January 21, 2004
World Leprosy Day (25 January): The Institut Pasteur develops new diagnostic testsand epidemiological tools
According to the World Health Organisation, 2.8 million people throughout the world are infected with leprosy, and each year about 750,000 new cases are recorded. Since the leprosy bacillus genome was sequenced in 2001 by the team directed by Stewart Cole of the Institut Pasteur , important advances have been made. New diagnostic tests and epidemiological tools are currently being developed in the Bacterial Molecular Genetics Unit of the Institut Pasteur.
"Controlling leprosy will only be possible with rapid identification of all infectious cases in order to treat them and thus prevent transmission of the disease", Cole stressed. "This is why the development of sensitive and reliable tests is vital. Thanks to analysis of the genome, we have already been able to identify, produce and purify about 40 proteins useful for diagnosis. Preliminary studies have shown that some proteins were recognized by the immune systems of the infected, which means that they could aid in the development of early diagnostic tests." These proteins will be tested this year on samples collected from a wide range of patients in Asia and Africa.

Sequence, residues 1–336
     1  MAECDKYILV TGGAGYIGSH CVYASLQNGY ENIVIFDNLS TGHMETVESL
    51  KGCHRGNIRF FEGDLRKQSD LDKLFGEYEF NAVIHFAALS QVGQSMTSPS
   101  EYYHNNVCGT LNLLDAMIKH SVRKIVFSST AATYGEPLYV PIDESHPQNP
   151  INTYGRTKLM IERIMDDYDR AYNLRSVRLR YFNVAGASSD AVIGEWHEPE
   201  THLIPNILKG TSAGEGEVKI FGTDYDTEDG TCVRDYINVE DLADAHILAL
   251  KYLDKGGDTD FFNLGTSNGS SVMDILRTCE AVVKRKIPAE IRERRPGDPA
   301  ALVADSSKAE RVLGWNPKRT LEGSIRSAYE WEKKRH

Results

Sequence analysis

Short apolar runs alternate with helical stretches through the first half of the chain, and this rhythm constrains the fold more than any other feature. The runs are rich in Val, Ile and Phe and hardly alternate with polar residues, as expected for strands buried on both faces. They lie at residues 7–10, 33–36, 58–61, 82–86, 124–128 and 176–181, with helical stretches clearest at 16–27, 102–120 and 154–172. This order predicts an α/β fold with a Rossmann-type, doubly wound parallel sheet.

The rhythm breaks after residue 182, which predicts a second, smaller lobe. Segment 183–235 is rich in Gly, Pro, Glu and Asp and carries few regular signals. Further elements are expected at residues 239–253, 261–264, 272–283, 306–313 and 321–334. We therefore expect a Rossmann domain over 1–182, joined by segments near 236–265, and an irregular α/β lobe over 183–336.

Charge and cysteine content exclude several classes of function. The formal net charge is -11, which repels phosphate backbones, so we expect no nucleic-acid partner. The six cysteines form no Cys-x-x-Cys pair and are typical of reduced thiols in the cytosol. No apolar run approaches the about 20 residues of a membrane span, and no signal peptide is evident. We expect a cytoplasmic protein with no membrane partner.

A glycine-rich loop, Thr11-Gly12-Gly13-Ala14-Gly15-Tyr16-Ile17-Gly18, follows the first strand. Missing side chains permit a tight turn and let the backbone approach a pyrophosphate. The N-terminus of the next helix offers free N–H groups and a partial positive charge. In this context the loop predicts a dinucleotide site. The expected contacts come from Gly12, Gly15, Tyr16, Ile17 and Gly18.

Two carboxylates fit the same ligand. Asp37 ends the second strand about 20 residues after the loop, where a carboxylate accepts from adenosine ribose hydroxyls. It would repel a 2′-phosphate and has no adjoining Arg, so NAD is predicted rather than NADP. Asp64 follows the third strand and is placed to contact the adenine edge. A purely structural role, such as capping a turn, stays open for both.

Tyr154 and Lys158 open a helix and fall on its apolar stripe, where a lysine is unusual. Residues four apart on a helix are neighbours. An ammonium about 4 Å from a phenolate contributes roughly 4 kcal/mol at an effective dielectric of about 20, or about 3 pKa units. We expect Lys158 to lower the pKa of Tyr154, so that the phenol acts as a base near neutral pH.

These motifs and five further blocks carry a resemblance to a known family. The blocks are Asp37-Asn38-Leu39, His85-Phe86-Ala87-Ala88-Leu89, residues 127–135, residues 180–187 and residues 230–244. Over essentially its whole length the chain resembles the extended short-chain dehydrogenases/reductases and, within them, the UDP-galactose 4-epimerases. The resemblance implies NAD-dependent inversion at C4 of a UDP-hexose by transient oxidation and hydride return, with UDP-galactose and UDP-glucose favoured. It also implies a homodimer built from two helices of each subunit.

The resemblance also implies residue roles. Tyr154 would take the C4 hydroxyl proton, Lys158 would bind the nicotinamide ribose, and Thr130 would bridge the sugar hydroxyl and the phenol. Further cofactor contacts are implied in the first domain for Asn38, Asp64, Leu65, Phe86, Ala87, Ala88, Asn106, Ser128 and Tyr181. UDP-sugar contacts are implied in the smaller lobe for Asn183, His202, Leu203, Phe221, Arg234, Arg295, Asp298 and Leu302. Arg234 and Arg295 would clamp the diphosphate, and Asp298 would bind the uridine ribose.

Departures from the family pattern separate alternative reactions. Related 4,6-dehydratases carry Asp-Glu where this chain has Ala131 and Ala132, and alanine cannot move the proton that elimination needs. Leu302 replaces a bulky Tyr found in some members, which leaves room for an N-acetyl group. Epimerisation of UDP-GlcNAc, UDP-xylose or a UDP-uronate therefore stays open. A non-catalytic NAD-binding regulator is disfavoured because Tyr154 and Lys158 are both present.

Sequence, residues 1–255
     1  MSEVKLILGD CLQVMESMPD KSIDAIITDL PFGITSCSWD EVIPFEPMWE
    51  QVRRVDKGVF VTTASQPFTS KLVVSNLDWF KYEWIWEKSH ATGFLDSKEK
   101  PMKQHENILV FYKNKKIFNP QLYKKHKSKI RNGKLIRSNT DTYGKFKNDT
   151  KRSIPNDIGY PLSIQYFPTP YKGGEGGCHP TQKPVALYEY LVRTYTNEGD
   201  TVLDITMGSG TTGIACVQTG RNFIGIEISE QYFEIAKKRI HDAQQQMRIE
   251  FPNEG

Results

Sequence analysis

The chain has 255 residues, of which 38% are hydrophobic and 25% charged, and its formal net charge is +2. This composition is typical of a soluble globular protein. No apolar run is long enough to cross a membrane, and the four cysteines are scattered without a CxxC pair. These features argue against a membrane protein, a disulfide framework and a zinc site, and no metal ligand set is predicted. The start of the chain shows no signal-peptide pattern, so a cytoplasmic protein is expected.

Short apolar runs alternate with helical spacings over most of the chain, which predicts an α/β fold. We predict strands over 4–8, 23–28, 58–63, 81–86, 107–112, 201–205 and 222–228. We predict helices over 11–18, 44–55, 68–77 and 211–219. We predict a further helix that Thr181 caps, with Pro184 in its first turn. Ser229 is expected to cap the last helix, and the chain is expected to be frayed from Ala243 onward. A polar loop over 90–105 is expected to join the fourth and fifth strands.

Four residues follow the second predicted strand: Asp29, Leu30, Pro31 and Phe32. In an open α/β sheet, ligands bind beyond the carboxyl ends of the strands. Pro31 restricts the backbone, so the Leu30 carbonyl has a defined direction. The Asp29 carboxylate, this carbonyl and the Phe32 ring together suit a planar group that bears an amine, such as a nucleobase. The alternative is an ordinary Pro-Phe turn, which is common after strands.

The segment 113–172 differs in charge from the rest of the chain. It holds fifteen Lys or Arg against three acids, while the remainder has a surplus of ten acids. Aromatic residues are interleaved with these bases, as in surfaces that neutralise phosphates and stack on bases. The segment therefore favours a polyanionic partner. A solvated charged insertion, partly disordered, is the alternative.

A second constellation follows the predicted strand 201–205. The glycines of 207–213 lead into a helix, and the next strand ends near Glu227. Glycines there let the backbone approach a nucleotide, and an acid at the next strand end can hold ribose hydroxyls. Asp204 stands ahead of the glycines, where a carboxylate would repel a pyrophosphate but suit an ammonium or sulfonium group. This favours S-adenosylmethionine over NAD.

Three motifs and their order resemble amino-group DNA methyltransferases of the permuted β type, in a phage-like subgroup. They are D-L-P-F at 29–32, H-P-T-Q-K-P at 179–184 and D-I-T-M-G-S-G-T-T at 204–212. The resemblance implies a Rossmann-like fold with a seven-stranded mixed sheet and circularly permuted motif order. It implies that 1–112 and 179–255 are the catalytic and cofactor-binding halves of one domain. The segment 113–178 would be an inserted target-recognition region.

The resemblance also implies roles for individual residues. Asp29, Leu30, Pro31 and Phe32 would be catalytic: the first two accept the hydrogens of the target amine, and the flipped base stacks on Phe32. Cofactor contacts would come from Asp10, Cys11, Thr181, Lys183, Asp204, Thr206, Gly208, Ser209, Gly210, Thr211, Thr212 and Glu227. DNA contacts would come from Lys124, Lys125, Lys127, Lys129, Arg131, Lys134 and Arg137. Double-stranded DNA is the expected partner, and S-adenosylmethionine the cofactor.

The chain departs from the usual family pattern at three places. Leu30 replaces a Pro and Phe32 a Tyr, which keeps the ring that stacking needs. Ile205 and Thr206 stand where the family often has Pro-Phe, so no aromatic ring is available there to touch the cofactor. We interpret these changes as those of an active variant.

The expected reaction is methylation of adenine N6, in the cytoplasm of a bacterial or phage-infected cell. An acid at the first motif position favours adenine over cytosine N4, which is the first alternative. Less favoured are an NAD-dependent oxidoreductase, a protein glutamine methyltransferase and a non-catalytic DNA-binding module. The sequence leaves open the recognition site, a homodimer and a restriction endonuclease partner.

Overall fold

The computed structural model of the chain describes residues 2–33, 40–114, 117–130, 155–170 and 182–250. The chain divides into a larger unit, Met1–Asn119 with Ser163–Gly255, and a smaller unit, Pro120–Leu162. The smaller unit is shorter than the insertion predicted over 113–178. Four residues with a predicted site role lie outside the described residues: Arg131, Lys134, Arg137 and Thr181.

In addition, the Institut Pasteur researchers are presently studying strains taken from every continent in the goal of retracing the spread of the disease. Employing knowledge of the genomic sequence of the agent responsible for leprosy, Mycobacterium leprae, a number of tools are currently in development for epidemiology. As Cole explains it, "these tools will make it possible to differentiate the strains of Mycobacterium leprae taken from the infected, with a view to establishing epidemiological connections and to monitor leprosy by distinguishing the cases of relapses from new infections".
In the longer term, study of the leprosy bacillus could lead to new treatments that are less cumbersome than those currently in existence. The current treatment is effective, however it needs to be administered over several months, which makes its use difficult in developing countries where the infection is rife (such as Brazil, India, Madagascar, Mozambique, Myanmar, Nepal, etc.)
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